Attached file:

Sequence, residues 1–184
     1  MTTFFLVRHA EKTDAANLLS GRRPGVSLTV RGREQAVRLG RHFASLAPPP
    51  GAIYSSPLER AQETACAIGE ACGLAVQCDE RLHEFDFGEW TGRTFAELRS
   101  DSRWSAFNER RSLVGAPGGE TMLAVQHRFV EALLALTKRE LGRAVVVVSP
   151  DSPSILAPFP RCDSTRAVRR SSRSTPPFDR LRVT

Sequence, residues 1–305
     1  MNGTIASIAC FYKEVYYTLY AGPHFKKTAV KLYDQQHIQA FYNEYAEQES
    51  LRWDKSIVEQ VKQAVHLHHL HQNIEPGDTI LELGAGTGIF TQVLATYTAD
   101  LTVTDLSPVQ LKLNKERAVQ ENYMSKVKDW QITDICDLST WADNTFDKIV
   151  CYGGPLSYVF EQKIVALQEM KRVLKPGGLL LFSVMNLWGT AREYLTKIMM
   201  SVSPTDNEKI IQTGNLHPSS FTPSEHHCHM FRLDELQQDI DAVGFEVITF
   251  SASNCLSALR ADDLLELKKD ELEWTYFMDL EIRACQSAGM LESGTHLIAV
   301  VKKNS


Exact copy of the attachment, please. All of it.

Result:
Sequence, residues 1–184
     1  MTTFFLVRHA EKTDAANLLS GRRPGVSLTV RGREQAVRLG RHFASLAPPP
    51  GAIYSSPLER AQETACAIGE ACGLAVQCDE RLHEFDFGEW TGRTFAELRS
   101  DSRWSAFNER RSLVGAPGGE TMLAVQHRFV EALLALTKRE LGRAVVVVSP
   151  DSPSILAPFP RCDSTRAVRR SSRSTPPFDR LRVT

Sequence, residues 1–305
     1  MNGTIASIAC FYKEVYYTLY AGPHFKKTAV KLYDQQHIQA FYNEYAEQES
    51  LRWDKSIVEQ VKQAVHLHHL HQNIEPGDTI LELGAGTGIF TQVLATYTAD
   101  LTVTDLSPVQ LKLNKERAVQ ENYMSKVKDW QITDICDLST WADNTFDKIV
   151  CYGGPLSYVF EQKIVALQEM KRVLKPGGLL LFSVMNLWGT AREYLTKIMM
   201  SVSPTDNEKI IQTGNLHPSS FTPSEHHCHM FRLDELQQDI DAVGFEVITF
   251  SASNCLSALR ADDLLELKKD ELEWTYFMDL EIRACQSAGM LESGTHLIAV
   301  VKKNS